After Gilman defeated Archbishop Spalding 48-7 last Friday, head coach Biff Poggi put out an invitation to his team's “Competition Tuesday” practice. I decided to take him up on his offer, just to see how the #1 team in Maryland compete against one another.
It was nothing less than entertaining but strictly business.
Coach Poggi starts every practice with a prayer by one of his players. Before they conduct any drills, any workouts, any plays, someone must say the prayer.
From there I realized this wasn't just a football team, it was a family. Like most top tier programs, you must develop a culture, and coach Poggi's definitely has built a great one at the Baltimore all-boys school. Coach Poggi preaches faith and family as the most important values in life, which translate on to the field.
A former player at Gilman School, coach Poggi played his collegiate ball at the University of Pittsburgh with the likes of Dan Marino and ESPN correspondent, Mark May. He has been head coach of the Greyhounds since 1996, and in that time frame he has sent countless players to Division-1 schools, including his sons, Jim (Iowa), Sam (Duke), and Henry (Michigan).
But this team is one that he thinks could be his best ever.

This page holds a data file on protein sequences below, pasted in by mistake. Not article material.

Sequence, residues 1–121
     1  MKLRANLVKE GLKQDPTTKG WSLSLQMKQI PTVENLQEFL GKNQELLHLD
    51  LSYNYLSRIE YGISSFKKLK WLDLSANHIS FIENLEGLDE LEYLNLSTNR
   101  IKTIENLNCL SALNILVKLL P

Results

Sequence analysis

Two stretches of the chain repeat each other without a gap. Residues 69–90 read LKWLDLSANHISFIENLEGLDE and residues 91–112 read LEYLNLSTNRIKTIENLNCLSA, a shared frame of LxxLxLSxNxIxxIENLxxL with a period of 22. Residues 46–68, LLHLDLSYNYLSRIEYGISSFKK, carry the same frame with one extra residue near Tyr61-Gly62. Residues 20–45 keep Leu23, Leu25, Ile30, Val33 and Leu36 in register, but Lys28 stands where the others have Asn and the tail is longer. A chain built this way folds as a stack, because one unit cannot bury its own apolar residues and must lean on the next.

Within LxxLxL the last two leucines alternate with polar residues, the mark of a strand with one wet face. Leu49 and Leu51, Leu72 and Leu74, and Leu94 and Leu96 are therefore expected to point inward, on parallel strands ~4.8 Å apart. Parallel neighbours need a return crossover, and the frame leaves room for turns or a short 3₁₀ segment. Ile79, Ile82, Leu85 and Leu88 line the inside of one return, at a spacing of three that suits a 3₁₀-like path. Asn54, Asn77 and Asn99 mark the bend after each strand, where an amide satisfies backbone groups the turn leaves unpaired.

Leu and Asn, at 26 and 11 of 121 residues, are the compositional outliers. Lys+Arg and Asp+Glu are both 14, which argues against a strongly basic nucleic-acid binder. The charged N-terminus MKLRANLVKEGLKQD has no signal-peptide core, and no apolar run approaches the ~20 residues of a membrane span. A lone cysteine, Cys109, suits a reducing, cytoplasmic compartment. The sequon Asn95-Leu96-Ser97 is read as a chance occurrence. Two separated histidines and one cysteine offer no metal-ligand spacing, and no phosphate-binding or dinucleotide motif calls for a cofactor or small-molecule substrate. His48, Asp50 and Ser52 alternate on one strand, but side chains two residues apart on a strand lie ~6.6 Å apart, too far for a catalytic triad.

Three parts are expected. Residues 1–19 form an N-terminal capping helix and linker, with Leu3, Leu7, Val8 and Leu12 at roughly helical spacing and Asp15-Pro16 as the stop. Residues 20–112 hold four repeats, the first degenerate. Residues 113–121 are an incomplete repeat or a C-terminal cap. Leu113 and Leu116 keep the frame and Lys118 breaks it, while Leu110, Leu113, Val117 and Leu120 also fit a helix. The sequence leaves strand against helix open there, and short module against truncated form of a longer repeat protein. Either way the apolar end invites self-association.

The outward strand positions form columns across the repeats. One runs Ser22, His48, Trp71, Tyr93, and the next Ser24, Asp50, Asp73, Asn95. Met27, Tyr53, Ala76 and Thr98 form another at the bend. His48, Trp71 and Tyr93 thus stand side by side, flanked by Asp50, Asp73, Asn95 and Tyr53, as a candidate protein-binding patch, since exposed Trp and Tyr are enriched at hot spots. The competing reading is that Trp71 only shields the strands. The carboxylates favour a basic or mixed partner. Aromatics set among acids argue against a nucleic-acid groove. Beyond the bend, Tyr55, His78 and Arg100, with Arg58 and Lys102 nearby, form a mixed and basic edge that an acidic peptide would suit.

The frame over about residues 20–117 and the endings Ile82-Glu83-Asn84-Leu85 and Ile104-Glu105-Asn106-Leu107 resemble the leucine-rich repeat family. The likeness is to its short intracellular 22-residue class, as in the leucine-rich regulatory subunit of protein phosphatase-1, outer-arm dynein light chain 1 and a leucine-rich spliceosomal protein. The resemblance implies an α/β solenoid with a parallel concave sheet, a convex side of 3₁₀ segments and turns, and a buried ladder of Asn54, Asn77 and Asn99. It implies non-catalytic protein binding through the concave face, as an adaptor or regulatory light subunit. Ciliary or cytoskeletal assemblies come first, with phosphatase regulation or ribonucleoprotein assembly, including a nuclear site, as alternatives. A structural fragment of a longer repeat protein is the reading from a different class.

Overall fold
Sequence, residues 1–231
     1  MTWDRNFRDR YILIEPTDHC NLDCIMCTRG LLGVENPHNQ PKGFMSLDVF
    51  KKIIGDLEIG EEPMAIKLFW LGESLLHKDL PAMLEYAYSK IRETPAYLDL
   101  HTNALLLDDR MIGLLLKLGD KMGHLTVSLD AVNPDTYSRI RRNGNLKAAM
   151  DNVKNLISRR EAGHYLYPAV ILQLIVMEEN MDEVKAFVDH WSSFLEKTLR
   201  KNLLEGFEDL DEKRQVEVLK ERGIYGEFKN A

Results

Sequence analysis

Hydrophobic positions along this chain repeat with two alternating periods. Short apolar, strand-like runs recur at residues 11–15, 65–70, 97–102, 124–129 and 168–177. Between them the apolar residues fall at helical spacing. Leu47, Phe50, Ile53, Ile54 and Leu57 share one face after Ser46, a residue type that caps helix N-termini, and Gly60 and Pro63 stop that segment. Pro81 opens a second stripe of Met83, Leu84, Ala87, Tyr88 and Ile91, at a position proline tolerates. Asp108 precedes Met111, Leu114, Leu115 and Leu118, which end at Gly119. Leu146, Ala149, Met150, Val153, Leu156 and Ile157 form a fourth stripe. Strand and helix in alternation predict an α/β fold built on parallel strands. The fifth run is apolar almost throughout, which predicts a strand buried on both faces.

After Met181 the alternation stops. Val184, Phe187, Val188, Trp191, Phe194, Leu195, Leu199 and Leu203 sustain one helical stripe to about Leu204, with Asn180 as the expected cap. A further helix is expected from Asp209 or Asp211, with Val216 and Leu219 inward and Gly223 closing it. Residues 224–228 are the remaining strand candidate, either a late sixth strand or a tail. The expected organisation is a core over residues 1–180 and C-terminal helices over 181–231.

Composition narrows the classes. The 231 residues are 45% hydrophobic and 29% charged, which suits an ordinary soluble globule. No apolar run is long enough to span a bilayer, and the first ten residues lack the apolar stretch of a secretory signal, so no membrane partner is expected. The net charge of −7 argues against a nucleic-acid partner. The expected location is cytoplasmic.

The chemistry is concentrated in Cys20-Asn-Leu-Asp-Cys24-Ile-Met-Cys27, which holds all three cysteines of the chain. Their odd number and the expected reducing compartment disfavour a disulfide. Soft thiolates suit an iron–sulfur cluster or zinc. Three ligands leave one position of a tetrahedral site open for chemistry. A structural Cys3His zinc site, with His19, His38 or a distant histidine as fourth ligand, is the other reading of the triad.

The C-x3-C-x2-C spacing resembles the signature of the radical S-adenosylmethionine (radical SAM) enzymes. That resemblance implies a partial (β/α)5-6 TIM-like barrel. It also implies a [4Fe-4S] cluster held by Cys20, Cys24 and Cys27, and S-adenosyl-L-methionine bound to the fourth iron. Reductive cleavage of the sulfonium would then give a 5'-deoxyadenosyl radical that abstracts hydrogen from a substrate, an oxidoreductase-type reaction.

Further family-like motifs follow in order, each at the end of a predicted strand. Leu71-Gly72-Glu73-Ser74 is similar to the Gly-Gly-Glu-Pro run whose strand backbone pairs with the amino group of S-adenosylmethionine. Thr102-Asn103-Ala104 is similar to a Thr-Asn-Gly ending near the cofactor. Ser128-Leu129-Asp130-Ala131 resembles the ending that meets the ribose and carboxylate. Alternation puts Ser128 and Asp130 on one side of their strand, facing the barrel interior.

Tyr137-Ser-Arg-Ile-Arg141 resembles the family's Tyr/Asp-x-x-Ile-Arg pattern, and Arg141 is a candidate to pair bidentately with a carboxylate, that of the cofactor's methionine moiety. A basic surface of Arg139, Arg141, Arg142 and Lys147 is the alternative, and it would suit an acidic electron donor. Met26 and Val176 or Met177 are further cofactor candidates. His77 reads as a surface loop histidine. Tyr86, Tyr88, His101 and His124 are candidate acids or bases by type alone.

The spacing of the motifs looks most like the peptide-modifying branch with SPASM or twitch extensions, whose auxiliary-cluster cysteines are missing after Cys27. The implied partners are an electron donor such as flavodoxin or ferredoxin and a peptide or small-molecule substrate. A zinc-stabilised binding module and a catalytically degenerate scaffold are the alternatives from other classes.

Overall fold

Before the prayer, he told the team a story of about a text messages he received Friday Night after Dematha loss to Gonzaga, which left the #1 spot in Maryland wide open for the Greyhounds. In a congratulatory way, the text message read, “HEY! YOUR #1 IN THE STATE! #10 IN THE COUNTRY!
After he read the message he deleted it, telling his team those rankings don't matter. We all have seen how great teams have hiccups before the job is complete. Coach Poggi explained to his team that he does not want that for his squad. He expressed to them that no rankings matter until the job is finished, and they must continue to work hard.
The 7-1 Greyhounds got the message loud and clear.
Watching them practice, I can tell how focused they were. During their Inside drill -- which is offense v. defense all inside running plays -- the O-line and D-line went at it. The star of the drill was future Nittany Lion defensive tackle, Ellison Jordan. Jordan was running through double teams and smashing the ball carrier each paly. After one big hit, one of the coaches had to pull Jordan to the side and tell him to take it easy on his teammates.
Watching Jordan play, you'll see a lot of anger and aggression but once you talk to him, he is a well-spoken mild-mannered young man, but most importantly humble.
“I'm a humble dude, so I don't really talk about my own game,” Jordan said after I asked him to describe his style of play. “It don't matter what your star rating is, how many offers you have, [where] you rank, you gotta work.”
Jordan will be joining Shane Simmons on the defensive line for the Nittany Lions which could be trouble for the rest of the Big Ten.